We help IT Professionals succeed at work.

Accessing a specific memory address

spacebaby
spacebaby asked
on
532 Views
Last Modified: 2010-04-15
I am trying to get a handle on stand alone pc programming, and I need to access a specific address in memory.  I have a program that reads in a string representation of an address in hexidecimal.  I want to be able to read from or write to that address.  So, how do I declare a pointer to that address after converting the string representation to an integer with sscanf? I have looked through my c programming manual and all over online for a simple line of code that explains how to do this, but I have had no luck.  All I can find are examples of how to declare a pointer and assign the address of a variable to it.  
Comment
Watch Question

CERTIFIED EXPERT
Top Expert 2006
Commented:
This one is on us!
(Get your first solution completely free - no credit card required)
UNLOCK SOLUTION
Commented:
This one is on us!
(Get your first solution completely free - no credit card required)
UNLOCK SOLUTION
CERTIFIED EXPERT
Top Expert 2006

Commented:
I would recommend that you use strtoul rather than sscanf .... strtoul fits the bill better ... It is safer and provides with good error checking capabilities

If you decide to stick with sscanf, all you need to do is to modify the above code to get value using sscanf instead of strtoul
This one is on us!
(Get your first solution completely free - no credit card required)
UNLOCK SOLUTION
sunnycoder,
what is     printf ("%p\n",b);
regards,
preetham
 
CERTIFIED EXPERT
Top Expert 2006

Commented:
from the man page again
       p      The void * pointer argument is printed in hexadeci¬≠
              mal (as if by %#x or %#lx).

Author

Commented:
Okay... just a few more questions.  What is a "char far" cast?  That type of declaration isn't in my C manual either.  I also should say that I am working in two environments -- unix for one version of this program and a stand alone PC environment that uses the intel processor for the other version.  I haven't ever used the stroul function before, and my professor wants us to use sscanf to convert the string, so I should do what he says.

So, to recap from various comments, how would this work?

#include <stdio.h>
#include <string.h>

int convert(char *argument, char far * pointerToAddress) /* argument is the string representation of the address */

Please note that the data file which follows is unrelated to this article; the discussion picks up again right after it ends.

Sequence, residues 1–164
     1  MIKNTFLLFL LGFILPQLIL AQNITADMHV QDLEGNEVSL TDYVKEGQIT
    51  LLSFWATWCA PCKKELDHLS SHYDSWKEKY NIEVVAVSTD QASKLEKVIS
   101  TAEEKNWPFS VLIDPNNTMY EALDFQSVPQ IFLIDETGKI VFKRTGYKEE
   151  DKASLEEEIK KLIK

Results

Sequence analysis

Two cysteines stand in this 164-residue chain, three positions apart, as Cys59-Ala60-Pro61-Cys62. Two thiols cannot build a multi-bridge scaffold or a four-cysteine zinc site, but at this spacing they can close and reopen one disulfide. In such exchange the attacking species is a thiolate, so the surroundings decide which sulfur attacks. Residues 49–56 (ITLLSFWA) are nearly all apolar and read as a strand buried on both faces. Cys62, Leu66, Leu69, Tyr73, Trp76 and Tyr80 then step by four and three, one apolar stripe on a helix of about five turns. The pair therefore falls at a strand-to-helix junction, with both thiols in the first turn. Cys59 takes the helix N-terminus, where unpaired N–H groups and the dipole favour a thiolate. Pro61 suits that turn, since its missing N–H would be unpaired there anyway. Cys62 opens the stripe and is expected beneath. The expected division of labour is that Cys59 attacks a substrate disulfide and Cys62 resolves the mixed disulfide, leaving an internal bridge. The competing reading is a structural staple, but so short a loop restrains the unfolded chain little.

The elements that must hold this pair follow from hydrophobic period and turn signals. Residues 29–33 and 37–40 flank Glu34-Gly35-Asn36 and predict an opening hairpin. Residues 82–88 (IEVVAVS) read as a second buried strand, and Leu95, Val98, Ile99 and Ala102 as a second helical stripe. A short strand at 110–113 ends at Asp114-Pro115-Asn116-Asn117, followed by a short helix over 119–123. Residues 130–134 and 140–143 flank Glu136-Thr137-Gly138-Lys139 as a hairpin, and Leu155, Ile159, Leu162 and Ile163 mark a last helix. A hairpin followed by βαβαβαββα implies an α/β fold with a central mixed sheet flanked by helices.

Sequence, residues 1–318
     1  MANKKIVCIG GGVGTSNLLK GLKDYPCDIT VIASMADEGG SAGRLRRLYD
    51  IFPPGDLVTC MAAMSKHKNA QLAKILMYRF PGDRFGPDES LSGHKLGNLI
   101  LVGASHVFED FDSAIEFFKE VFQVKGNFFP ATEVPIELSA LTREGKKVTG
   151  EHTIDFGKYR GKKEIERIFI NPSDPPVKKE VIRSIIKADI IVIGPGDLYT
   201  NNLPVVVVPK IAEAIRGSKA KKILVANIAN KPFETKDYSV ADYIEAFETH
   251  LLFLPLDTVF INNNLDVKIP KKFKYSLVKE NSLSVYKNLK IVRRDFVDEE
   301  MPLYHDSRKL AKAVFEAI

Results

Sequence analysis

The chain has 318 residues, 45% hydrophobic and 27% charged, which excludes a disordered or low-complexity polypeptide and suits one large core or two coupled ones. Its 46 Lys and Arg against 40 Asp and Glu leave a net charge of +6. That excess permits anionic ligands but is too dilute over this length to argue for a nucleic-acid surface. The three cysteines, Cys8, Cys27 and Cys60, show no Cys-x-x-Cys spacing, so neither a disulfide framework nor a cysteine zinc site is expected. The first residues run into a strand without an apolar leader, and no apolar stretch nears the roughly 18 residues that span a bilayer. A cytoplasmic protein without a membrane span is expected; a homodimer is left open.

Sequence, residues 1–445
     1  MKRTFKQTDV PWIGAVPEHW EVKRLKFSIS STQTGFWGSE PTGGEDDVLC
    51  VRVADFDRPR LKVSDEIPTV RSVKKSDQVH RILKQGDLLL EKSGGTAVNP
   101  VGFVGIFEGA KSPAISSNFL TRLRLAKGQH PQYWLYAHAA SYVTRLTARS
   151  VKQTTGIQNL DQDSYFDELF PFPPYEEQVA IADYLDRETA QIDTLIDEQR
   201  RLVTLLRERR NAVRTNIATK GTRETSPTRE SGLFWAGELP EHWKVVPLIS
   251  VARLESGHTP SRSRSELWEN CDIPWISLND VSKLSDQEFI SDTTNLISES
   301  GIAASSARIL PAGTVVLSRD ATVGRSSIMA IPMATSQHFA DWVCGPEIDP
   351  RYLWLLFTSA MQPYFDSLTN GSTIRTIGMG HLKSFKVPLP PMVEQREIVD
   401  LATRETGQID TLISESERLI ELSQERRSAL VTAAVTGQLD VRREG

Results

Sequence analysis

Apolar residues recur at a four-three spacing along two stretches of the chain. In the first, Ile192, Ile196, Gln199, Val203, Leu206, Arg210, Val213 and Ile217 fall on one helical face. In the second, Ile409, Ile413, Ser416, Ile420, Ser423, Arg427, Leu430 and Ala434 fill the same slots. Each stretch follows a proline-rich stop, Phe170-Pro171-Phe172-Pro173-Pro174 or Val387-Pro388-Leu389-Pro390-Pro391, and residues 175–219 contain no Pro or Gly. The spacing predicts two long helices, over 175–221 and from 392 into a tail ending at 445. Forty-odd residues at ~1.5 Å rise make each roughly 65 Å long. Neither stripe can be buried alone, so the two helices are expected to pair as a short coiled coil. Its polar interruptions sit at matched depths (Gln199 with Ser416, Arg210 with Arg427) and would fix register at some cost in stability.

{
        unsigned int address;

        if (sscanf(argument, "%u", &address) == 1) /* Is the argument valid? */
        {
               pointerToAddress = (char far *) address;
        }
}
 
CERTIFIED EXPERT
Top Expert 2006

Commented:
far pointers were used in the days of 16 bit DOS programming ... they are now obselete and 32 bit newer OSes do not use them

so your code gets modified to something like this

#include <stdio.h>

int main()
{
        char * a="0xAB88";

        char  * b =0 ;
         sscanf (a,"%p",&b );

        printf ("%p\n",b);

}

I have tested it and it works
CERTIFIED EXPERT
Top Expert 2006

Commented:
>int convert(char *argument, char far * pointerToAddress) /* argument is the string representation of the address */

since you want pointerToAddress to actually hold that value, it will be a good idea to pass the address of pointerToAddress
char **, since you will be needing that in sscanf
Unlock the solution to this question.
Join our community and discover your potential

Experts Exchange is the only place where you can interact directly with leading experts in the technology field. Become a member today and access the collective knowledge of thousands of technology experts.

*This site is protected by reCAPTCHA and the Google Privacy Policy and Terms of Service apply.

OR

Please enter a first name

Please enter a last name

8+ characters (letters, numbers, and a symbol)

By clicking, you agree to the Terms of Use and Privacy Policy.